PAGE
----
Here, students can choose and learn

Here, students can choose and learn

They are encouraged to actively participate in academic decision-making

Here, students can choose and learn

 Deccan Herald, through a new weekly series “BOARDROOM TO CLASSROOM” offers a platform or the students to peak out. The prevailing nomination model to academic bodies might well have educed the student voice to nothing more than constant bleating. But has the rise in deemed varsities and autonomous institutions led to a
re-invention of student expression and politics to suit the new paradigm? 

The dingy old classrooms with heavy wooden desks intricately carved by termites in part, and in equal part by notorious back-benchers, have given way to modern classrooms complete with cushioned individual seats, over-head projectors and even air-conditioning.
Students drive their points home Dh Photo by Anand Bakshi
But, the changes at a modern institution such as Jain University (JU), run deeper than mere hybrid desks and writing boards. The conventional student union too has been replaced by a student council. This council is more likely to participate in Corporate Social Responsibility (CSR) activities and manage cultural festivals than go on a hunger strike outside the Principal’s office.

Does this mean that active participation of students has been reduced to mere cosmetics with no real participation in policies that affect them? No, say the students and faculty at JU.

Vibhushree, a final year student in Business Management at JU, says that student feedback is constantly sought and acted upon.

“Our syllabus and curriculum is constantly revised and made industry-friendly based on our feedback. We ask for industry visits and there is an immediate response,” she says.

Prakash Katariya, a master’s student in mass communication at the university, who did his under graduation under the Bangalore University, seconds Vibhushree's opinion. “The student participation in syllabus design is relatively higher and the greater flexibility in a deemed university system also allows for the incorporation of student’s opinion,” he says.

Meanwhile Geetha Goud, a faculty at the varsity, says that the university does a poll on a regular basis and students vote on a series of parameters. “The Principal of each Jain institution interacts with the students. The students are given voting pads and they vote on a variety of issues and the results are immediately shown on a screen,” she says.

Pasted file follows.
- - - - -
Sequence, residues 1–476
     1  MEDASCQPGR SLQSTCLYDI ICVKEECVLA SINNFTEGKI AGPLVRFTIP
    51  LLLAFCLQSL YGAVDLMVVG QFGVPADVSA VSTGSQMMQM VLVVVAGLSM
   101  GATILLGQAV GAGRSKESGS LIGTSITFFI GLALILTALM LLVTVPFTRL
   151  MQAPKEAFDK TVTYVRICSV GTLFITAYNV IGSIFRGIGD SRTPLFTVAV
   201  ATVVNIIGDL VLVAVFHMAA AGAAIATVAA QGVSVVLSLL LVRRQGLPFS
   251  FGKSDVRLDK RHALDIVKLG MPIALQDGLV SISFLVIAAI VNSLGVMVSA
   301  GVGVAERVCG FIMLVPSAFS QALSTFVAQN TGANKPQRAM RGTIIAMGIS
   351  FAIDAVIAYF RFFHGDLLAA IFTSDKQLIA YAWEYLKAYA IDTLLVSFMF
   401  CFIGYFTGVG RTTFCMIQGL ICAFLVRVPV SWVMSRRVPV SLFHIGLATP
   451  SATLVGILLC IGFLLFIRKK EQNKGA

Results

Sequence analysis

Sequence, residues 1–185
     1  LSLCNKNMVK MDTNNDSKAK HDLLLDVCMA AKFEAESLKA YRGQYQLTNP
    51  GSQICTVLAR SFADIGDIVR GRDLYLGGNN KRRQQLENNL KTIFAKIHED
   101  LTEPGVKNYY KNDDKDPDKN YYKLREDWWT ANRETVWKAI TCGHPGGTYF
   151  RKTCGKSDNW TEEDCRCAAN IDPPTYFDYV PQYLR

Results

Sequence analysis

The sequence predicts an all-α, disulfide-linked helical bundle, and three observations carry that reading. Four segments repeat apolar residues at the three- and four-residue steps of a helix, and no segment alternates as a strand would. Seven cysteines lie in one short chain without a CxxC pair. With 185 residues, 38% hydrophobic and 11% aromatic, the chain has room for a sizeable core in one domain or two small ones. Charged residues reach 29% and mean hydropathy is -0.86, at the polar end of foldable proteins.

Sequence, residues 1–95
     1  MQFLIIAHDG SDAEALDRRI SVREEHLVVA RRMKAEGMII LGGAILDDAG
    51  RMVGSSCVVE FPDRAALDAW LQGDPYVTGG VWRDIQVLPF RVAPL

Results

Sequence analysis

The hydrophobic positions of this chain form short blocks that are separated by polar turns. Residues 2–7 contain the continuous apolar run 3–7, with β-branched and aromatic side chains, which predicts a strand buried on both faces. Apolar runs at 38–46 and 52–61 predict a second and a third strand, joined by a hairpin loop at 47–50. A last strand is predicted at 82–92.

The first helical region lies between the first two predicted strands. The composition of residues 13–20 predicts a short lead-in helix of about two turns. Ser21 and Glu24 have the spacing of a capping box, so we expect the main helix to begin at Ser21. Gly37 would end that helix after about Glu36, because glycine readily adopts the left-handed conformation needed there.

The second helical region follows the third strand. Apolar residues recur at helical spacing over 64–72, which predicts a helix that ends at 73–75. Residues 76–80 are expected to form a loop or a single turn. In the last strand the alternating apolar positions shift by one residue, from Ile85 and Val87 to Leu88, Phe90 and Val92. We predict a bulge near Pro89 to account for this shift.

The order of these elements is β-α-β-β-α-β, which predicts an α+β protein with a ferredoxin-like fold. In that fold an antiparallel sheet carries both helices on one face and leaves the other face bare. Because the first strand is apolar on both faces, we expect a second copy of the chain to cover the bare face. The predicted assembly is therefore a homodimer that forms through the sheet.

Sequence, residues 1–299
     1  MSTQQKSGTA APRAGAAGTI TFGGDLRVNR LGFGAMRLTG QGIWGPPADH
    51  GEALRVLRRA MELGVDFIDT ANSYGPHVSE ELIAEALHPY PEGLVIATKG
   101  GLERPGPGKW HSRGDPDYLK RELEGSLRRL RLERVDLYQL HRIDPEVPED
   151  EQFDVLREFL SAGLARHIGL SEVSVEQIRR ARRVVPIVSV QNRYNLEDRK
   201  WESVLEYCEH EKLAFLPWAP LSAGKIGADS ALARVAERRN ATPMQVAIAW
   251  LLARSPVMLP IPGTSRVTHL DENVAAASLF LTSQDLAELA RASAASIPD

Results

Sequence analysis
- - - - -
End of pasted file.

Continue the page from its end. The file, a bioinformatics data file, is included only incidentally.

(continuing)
Students who make use of the University's residential facility too say that their needs and feedback are always received and there is always a person to go to. Rashi Aggarwal, a mass communication student who resides in the hostel, says:
“We have a counsellor who is our first point of contact for all redressal. We had requested for Wi-Fi facility in our hostel and although it took six months, the problem was addressed.” Students also say that unlike a conventional student union, where often the dominant opinion is passed off as student participation, the smaller size of a deemed university allows for the meritorious opinions to come through.

Fee regulation

While participation in an autonomous institution evidently works in the areas of syllabus and pedagogy, fee regulation is an issue which students feel is a different argument. Both students and faculty agree that in the current set-up, only a section of society can afford it. But they also add that it is for the regulators to ensure that scholarships are incorporated into the system.

S Madhavan, the head of the department of communication, says that there is complete transparency about where the students’ money is spent. “We tell the students where and what their money is spent on. Further, we have not hiked our fees and we have flexibility in loan payment,” he says.

Pavithra, a master’s student in Mass Communication, says, “Though the fee structure is high, it gives the student a sense of authority to question any change.”